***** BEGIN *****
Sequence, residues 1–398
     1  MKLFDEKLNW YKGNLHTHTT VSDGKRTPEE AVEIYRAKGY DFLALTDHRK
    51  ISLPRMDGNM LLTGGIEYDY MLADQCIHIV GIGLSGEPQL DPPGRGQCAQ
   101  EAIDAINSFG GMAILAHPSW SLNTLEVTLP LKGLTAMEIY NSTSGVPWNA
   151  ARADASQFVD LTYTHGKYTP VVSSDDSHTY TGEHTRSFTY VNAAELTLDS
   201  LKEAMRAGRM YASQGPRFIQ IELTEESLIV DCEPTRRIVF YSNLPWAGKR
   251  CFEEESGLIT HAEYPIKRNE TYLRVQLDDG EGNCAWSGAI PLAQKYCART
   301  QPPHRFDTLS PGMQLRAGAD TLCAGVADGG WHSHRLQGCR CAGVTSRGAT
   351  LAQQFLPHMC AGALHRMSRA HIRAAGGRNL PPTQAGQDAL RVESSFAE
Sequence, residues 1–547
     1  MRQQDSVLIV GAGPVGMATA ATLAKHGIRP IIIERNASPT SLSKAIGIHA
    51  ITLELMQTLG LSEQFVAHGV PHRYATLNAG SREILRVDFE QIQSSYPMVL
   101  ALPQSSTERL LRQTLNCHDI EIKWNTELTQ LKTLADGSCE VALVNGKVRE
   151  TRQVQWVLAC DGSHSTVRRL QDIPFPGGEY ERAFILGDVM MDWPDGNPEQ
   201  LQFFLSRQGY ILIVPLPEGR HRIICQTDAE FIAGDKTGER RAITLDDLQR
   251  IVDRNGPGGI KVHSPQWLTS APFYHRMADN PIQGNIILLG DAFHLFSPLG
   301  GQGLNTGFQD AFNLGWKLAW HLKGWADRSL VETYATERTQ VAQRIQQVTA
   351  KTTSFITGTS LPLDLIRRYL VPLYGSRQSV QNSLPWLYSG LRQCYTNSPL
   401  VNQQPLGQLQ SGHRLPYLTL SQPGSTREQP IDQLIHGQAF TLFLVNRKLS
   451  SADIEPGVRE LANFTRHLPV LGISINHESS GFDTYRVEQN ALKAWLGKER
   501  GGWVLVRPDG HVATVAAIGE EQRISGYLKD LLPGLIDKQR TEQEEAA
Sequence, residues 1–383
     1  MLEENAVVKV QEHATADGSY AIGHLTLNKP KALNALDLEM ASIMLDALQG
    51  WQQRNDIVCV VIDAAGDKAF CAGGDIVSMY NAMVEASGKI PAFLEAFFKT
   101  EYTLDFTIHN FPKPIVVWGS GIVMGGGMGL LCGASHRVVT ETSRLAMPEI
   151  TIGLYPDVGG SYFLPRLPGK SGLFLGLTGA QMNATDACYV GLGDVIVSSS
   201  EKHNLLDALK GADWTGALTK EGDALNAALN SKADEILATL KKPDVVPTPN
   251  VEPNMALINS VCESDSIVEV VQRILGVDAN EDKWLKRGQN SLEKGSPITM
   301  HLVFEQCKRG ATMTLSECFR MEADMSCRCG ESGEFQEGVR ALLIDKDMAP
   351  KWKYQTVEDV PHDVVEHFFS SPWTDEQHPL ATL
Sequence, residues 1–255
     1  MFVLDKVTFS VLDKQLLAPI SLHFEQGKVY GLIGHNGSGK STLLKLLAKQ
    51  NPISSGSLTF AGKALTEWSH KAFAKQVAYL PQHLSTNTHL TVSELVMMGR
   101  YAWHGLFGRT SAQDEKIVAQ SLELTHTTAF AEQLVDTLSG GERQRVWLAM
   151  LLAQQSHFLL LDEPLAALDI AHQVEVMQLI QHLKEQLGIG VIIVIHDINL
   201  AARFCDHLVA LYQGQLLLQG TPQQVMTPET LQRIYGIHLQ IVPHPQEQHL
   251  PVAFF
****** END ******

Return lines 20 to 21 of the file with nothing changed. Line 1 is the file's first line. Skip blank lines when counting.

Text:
   451  SADIEPGVRE LANFTRHLPV LGISINHESS GFDTYRVEQN ALKAWLGKER
   501  GGWVLVRPDG HVATVAAIGE EQRISGYLKD LLPGLIDKQR TEQEEAA